The education experience of the 2000s for the two most populous countries of sub-Saharan Africa could not have been more different. It was a lost decade for
Nigeria in terms of educational development. Despite the optimism generated by the restoration of democracy in 1999 and the introduction of the Universal Basic Education Law in 2004, the percentage of children out of school showed no improvement. By contrast, Ethiopia made major advances, with the number of children out of school falling by three-quarters between 1999 and 2011.
While major challenges remain, the reforms that Ethiopia has put in place suggest that continued progress should be possible.
Household survey data confirm this divergent picture. Between 1998 and 2008, the share of children who had not completed primary school remained at about 29% in Nigeria (Figure 1.2.6). The gap between the country’s two most populous areas hardly changed, with the rate of non-completers six times higher in the North-west than in the South-west. The gender gap within the two regions did not change either. As a result, 70% of young women in the North-west have not completed primary school.
By contrast, Ethiopia witnessed improvement, albeit from a low base. In 2000, 82% of children had not completed primary school, falling to 60% by 2011. While there are still fewer benefiting from education than in Nigeria, on average, it is notable that inequalities have narrowed while progress has been made overall. The gap in primary school completion between Addis Ababa and the Somali region fell from 63 to 49 percentage points. Given that there has been a large reduction in the percentage of children who have never been to school in the Somali region (from 84% in 2000 to 37% in 2011), this gap is expected to fall even further in coming years.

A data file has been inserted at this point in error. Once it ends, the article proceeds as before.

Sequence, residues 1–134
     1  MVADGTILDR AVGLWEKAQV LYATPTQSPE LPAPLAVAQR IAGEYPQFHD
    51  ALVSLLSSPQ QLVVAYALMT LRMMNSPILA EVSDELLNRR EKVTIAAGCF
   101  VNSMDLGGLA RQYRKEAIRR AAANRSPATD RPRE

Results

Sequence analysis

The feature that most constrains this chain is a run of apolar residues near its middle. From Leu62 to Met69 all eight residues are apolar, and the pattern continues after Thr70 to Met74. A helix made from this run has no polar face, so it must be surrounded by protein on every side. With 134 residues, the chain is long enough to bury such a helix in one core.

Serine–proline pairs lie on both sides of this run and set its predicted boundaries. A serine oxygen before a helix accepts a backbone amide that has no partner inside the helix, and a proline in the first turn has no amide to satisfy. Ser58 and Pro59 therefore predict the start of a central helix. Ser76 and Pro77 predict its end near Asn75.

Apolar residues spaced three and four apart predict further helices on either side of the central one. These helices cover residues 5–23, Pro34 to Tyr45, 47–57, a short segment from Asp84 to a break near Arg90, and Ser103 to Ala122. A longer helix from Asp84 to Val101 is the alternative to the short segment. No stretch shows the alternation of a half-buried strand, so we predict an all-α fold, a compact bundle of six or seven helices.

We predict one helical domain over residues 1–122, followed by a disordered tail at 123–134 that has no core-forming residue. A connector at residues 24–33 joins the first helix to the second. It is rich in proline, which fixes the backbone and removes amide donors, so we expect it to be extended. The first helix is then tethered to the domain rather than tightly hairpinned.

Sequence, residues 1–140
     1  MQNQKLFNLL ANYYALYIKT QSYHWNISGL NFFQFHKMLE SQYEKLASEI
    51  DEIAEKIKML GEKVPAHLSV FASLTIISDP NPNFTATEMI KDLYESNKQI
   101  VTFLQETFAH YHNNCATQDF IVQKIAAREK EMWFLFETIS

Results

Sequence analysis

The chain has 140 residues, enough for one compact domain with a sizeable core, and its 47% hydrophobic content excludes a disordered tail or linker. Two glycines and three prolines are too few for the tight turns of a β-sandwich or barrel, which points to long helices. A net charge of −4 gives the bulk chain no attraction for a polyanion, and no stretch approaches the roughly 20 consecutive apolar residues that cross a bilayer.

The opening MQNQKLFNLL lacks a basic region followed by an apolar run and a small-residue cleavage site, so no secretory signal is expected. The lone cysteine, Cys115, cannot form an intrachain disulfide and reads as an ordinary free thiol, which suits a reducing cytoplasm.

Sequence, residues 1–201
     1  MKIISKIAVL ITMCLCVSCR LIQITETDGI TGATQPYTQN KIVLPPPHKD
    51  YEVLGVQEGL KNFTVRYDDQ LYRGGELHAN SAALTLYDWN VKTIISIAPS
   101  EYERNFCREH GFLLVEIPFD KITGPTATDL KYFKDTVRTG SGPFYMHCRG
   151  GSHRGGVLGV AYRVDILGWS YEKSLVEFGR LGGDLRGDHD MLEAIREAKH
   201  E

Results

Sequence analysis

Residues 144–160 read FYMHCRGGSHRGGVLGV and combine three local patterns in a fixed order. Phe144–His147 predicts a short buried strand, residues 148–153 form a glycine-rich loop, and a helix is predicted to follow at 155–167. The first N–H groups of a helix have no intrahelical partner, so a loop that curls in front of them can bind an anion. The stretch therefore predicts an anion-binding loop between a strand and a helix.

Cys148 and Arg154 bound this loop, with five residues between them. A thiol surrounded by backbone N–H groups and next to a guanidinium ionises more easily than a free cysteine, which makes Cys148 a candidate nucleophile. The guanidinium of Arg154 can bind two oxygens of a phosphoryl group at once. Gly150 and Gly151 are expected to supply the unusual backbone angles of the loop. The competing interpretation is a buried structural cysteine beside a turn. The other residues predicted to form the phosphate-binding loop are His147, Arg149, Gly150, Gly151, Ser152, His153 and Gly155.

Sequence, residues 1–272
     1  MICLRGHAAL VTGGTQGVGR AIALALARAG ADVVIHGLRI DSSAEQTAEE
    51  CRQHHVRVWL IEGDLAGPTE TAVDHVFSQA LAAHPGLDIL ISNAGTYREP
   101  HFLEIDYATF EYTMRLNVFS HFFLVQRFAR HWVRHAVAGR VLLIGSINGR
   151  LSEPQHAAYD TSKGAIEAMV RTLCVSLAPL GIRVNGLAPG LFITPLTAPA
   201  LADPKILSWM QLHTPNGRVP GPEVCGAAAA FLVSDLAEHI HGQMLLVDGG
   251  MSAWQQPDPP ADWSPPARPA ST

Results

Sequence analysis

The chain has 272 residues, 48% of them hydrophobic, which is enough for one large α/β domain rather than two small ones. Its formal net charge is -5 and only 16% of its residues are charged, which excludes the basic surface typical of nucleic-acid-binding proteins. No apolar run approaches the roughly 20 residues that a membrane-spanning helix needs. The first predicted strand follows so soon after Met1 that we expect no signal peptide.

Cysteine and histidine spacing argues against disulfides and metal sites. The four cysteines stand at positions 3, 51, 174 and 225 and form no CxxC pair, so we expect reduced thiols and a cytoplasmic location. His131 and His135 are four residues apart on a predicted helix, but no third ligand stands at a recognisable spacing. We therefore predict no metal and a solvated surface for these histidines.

Since Ethiopia became a federal republic in 1994, its central government has been effective both in exercising its coordinating function and in promoting policy decisions. It more than doubled the share of the budget allocated to education between 2000 and 2010, to 25%. These resources were used to fund rapid classroom construction and teacher recruitment. At the same time, the government ambitiously devolved power to the regions and districts, while closely monitoring results in the delivery of education and other social services. An analysis of almost 200 urban and rural districts in the Oromiya region and the Southern Nations, Nationalities and People’s Region showed that the introduction of formula-based funding led to declines in inequality between districts not only in terms of funding per student but also in terms of enrolment outcomes.
In Nigeria, the federal government has less control over the states. The absence of data on the share of the budget spent on education since 1999 is one sign of poor accountability. An attempt to track whether schools in Kaduna and Enugu states received allocated resources revealed that, for most basic inputs, including maintenance, textbooks and in-service training, there were not even any norms as to what each school should receive.
Culled from : EFA Global Monitiring Report 2013/4- Teaching and Learning – Achieving quality for All